The community in the book has chosen Sameness because they do not ever want anyone to be uncomfortable. Everyone follows the rules, and everyone does the same things. People don’t have individual identities, but they don’t have social problems either. People who commit three infractions are killed. There is no overpopulation, because no one has their own children. There is no emotion, no love, and no memory. There are no good emotions, but there are also no bad emotions.
Although there are few differences, they keep enough individuality amongst the people to avoid confusion. Consider Jonas’s explanation of why there can’t be identical twins in the community.
"Well, they can't have two identical people around! Think how confusing it would be!" Jonas chuckled. (ch 19, p. 146)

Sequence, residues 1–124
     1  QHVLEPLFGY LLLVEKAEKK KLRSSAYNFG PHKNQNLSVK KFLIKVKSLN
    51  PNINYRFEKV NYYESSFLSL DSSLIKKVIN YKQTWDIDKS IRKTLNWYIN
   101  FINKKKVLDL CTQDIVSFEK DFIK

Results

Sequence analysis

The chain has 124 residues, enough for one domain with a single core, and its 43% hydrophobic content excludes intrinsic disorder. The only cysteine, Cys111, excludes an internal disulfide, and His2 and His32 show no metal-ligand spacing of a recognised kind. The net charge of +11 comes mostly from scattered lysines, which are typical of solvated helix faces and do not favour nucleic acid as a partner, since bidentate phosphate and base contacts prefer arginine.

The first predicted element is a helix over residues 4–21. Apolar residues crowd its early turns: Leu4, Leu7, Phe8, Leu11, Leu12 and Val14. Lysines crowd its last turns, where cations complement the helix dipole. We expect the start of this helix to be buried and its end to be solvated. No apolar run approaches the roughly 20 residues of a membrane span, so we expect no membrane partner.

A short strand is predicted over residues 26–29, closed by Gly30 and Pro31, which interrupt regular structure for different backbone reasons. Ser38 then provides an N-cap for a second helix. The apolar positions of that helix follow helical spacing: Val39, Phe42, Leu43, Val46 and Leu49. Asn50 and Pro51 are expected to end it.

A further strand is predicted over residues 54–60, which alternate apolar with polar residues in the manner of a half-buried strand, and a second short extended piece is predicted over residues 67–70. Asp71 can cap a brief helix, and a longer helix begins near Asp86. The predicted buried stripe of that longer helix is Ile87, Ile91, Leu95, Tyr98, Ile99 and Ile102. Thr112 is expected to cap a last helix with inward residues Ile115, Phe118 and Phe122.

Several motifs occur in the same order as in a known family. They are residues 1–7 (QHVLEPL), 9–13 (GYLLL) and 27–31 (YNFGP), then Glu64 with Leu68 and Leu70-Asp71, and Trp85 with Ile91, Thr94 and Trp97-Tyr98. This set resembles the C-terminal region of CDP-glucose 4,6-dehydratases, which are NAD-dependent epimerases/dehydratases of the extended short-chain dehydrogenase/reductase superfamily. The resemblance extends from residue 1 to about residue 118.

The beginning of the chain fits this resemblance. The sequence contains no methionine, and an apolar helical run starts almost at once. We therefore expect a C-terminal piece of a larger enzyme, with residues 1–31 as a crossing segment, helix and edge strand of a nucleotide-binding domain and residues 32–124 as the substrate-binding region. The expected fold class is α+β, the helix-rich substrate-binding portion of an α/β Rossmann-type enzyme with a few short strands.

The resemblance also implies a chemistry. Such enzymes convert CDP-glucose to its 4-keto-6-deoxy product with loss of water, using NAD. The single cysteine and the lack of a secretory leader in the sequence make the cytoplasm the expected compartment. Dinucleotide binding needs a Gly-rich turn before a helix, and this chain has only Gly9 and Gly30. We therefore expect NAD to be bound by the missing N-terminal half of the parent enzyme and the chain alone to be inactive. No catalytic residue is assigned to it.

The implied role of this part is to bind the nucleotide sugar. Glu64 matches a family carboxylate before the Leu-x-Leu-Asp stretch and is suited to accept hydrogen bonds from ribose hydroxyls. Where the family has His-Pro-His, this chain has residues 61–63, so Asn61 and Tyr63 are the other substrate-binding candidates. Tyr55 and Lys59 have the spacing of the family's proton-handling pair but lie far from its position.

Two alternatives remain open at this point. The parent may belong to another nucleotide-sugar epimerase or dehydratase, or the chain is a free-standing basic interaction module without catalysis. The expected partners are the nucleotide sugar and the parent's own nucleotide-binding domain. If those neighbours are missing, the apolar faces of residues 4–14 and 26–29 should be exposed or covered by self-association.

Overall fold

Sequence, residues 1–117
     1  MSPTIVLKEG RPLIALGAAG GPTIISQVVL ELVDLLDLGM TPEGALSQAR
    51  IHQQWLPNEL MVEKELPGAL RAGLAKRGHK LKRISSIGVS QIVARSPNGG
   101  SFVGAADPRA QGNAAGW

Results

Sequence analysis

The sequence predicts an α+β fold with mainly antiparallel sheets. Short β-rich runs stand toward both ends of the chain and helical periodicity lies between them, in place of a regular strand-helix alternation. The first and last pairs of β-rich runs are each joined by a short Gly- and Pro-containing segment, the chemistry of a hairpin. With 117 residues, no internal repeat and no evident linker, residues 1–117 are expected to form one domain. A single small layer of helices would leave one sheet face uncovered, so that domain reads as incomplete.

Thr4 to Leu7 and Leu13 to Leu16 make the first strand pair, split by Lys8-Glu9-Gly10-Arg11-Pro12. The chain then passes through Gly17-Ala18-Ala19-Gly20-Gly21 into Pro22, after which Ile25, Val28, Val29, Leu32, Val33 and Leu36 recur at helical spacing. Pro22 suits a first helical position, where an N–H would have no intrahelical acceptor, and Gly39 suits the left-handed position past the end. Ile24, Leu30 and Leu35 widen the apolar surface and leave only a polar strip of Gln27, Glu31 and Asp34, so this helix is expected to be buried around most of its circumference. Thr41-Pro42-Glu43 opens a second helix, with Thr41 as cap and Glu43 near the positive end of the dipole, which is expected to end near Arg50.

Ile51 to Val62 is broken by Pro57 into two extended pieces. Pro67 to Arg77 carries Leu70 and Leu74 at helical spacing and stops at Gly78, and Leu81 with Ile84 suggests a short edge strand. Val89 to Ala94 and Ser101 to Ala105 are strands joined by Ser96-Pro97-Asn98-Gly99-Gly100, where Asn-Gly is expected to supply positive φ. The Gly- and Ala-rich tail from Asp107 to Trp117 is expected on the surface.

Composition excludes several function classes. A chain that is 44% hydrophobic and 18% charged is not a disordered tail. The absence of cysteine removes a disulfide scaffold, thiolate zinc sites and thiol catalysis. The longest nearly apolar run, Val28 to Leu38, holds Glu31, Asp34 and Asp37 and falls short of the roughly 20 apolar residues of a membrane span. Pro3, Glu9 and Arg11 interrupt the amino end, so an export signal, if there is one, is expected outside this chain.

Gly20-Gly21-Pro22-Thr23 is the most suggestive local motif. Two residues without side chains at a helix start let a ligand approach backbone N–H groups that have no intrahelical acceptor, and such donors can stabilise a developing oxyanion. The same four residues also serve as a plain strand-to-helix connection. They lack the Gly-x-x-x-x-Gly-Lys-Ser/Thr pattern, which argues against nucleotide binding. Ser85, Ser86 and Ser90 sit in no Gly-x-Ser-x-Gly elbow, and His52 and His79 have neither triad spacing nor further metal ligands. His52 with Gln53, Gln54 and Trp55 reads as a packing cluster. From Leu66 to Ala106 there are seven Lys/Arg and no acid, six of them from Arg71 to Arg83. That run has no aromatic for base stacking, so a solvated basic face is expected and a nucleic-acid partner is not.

Sameness also means no love. When Jonas asks his parents if they love him, they scold him for not using precise language.
There was an awkward silence for a moment. Then Father gave a little chuckle. "Jonas. You, of all people. Precision of language, please!" (ch 16, p. 127)
Amusement is the last reaction Jonas expected when he asked that question, but he realized at this point that his parents have no concept of love. A society without love is dehumanized. Jonas cannot stand it, so he leaves—hoping to return the memories to the people and bring about change.
Lowry, Lois (1993-04-26). The Giver (Newbery Medal Book) (p. 146). Houghton Mifflin Harcourt. Kindle Edition.